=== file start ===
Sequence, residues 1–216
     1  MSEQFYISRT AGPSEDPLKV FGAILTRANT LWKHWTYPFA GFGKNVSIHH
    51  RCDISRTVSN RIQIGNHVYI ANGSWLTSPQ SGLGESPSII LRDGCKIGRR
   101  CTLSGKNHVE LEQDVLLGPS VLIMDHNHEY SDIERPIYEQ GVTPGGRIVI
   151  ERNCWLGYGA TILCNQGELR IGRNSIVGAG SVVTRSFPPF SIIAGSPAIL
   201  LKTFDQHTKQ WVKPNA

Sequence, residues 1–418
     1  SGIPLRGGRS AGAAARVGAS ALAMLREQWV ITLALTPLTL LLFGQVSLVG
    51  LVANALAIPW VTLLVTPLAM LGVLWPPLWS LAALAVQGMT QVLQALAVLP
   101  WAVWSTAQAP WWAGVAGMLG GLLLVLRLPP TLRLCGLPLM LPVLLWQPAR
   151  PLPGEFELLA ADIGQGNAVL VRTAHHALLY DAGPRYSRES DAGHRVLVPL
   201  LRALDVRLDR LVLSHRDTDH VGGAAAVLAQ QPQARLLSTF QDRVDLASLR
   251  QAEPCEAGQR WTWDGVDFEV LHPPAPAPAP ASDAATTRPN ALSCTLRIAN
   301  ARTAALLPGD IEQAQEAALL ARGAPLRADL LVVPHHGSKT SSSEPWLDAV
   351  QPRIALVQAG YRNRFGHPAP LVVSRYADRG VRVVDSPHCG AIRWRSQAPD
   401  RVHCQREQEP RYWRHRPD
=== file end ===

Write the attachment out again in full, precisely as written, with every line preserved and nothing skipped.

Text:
Sequence, residues 1–216
     1  MSEQFYISRT AGPSEDPLKV FGAILTRANT LWKHWTYPFA GFGKNVSIHH
    51  RCDISRTVSN RIQIGNHVYI ANGSWLTSPQ SGLGESPSII LRDGCKIGRR
   101  CTLSGKNHVE LEQDVLLGPS VLIMDHNHEY SDIERPIYEQ GVTPGGRIVI
   151  ERNCWLGYGA TILCNQGELR IGRNSIVGAG SVVTRSFPPF SIIAGSPAIL
   201  LKTFDQHTKQ WVKPNA

Sequence, residues 1–418
     1  SGIPLRGGRS AGAAARVGAS ALAMLREQWV ITLALTPLTL LLFGQVSLVG
    51  LVANALAIPW VTLLVTPLAM LGVLWPPLWS LAALAVQGMT QVLQALAVLP
   101  WAVWSTAQAP WWAGVAGMLG GLLLVLRLPP TLRLCGLPLM LPVLLWQPAR
   151  PLPGEFELLA ADIGQGNAVL VRTAHHALLY DAGPRYSRES DAGHRVLVPL
   201  LRALDVRLDR LVLSHRDTDH VGGAAAVLAQ QPQARLLSTF QDRVDLASLR
   251  QAEPCEAGQR WTWDGVDFEV LHPPAPAPAP ASDAATTRPN ALSCTLRIAN
   301  ARTAALLPGD IEQAQEAALL ARGAPLRADL LVVPHHGSKT SSSEPWLDAV
   351  QPRIALVQAG YRNRFGHPAP LVVSRYADRG VRVVDSPHCG AIRWRSQAPD
   401  RVHCQREQEP RYWRHRPD